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Families of killed Palestinian-Americans demand answers of US, Israel

by Chanel Rowe
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Originally Published: 23 FEB 24 09:54 ET

By Yahya Abou-Ghazala and Alex Marquardt, CNN

(CNN) — The last moments of Mohammad Khdour’s life could be those of any American teenager: taking the car out during a study break, snacking on chocolate waffles, posing for Instagram.

Those care-free moments with his cousin along the hillsides of Biddu, in the occupied West Bank, were captured in photos and videos reviewed by CNN. They were snuffed out, his family says, when an Israeli gunman opened fire on their car, shooting the 17-year-old Khdour in the head.

The death of Khdour, a Florida-born US citizen, just weeks after another 17-year-old American citizen was shot under strikingly similar circumstances in the occupied West Bank, has underscored the frustrations among Palestinian-Americans who say the United States is doing little to respond to the deaths of their loved ones.

Videos from the aftermath of the February 10 shooting show several people rushing to the damaged car, pulling Khdour’s limp, bloodied body out from the shattered glass. Khdour died hours later at a Ramallah hospital, his family said.

The Israel Defense Forces referred questions about the case to the Israeli Security Agency, known as the Shin Bet, which did not immediately respond to CNN’s request for comment.

“He didn’t do nothing at all, he was just enjoying his day,” Khdour’s older brother, Hamed, told CNN. “I just want justice for my brother, that’s it.”

Two teens shot in the head

Three weeks before Khdour’s death, Tawfic Abdel Jabbar, a 17-year-old Palestinian-American who grew up in Louisiana, was also shot in the head by apparent Israeli gunmen. The IDF told CNN they received a report that an off-duty police officer and an Israeli civilian shot at a Palestinian “suspected of throwing stones” – which his family vehemently denies – and that the Israeli Police are investigating the shooting.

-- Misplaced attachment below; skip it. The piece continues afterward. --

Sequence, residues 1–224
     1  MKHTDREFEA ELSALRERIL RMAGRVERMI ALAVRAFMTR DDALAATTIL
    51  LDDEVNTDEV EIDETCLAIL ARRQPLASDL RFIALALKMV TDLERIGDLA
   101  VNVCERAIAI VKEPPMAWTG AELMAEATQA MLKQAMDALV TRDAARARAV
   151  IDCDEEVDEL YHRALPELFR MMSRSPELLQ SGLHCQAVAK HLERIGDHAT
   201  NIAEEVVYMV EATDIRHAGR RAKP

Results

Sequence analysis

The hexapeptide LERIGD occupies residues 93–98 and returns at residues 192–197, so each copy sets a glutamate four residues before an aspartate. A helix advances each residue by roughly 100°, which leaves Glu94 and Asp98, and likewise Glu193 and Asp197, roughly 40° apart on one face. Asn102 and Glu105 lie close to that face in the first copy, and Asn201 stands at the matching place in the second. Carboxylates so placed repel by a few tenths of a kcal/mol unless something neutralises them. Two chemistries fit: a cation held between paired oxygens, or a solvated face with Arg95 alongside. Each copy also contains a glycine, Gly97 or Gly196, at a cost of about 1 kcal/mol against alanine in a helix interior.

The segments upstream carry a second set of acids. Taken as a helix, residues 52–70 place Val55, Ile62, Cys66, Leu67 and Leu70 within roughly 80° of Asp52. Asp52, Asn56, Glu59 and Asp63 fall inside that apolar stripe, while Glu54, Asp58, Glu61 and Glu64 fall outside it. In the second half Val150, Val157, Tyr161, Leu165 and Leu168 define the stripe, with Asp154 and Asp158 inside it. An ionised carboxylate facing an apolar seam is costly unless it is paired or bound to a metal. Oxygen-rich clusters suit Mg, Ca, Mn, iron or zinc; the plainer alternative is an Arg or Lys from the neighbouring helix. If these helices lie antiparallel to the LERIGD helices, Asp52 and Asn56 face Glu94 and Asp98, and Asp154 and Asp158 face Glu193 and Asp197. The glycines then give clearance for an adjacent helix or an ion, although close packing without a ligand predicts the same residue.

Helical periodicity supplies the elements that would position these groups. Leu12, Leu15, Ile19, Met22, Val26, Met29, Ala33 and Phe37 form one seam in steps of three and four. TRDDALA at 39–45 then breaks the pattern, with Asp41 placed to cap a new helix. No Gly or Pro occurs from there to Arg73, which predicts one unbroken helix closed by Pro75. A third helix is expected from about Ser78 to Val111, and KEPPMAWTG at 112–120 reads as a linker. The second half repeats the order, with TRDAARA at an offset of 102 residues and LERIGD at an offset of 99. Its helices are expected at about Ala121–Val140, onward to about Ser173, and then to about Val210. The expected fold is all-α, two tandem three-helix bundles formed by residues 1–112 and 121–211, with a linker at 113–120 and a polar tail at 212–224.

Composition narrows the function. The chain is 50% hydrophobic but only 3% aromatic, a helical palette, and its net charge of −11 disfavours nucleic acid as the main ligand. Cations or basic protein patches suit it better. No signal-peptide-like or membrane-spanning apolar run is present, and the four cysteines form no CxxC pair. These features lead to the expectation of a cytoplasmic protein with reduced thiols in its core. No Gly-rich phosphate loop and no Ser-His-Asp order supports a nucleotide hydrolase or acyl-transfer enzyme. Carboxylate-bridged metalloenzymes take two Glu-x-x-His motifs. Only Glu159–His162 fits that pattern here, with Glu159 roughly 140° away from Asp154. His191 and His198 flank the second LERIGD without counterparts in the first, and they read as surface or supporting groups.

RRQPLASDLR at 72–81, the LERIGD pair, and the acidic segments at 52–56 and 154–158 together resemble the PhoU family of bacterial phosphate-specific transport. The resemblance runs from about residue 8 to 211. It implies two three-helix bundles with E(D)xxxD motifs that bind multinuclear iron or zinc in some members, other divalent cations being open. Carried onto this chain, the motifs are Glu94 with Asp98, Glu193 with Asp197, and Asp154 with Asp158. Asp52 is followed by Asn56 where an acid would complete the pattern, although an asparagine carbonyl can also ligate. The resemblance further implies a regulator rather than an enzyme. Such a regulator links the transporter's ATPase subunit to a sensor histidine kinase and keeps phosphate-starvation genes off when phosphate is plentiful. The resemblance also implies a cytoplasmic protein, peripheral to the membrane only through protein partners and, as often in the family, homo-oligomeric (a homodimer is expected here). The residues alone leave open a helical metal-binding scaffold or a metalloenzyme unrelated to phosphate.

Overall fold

More than a month later, no arrests have been made in the case, and the family, which has received limited updates from authorities, is wondering why the US government doesn’t have answers.

“I don’t feel like my government is doing enough … or pressuring enough to come up with the killer and ask why he did this and put him behind bars,” Hafeth Abdel Jabbar, Tawfic’s father, told CNN.

According to a US official, US consular officials and investigators have visited both the Khdour and Abdel Jabbar families in the West Bank. The families say they are still waiting for updates.

US authorities are closely watching the Israeli investigations and are ready to escalate the cases with the Israeli government if the investigations fall short, the US official said.

Last week, US Secretary of State Antony Blinken offered his “deepest condolences” to the families of the two Palestinian-American teenagers “who reportedly were killed” in the occupied West Bank and said that there must be an investigation into their deaths.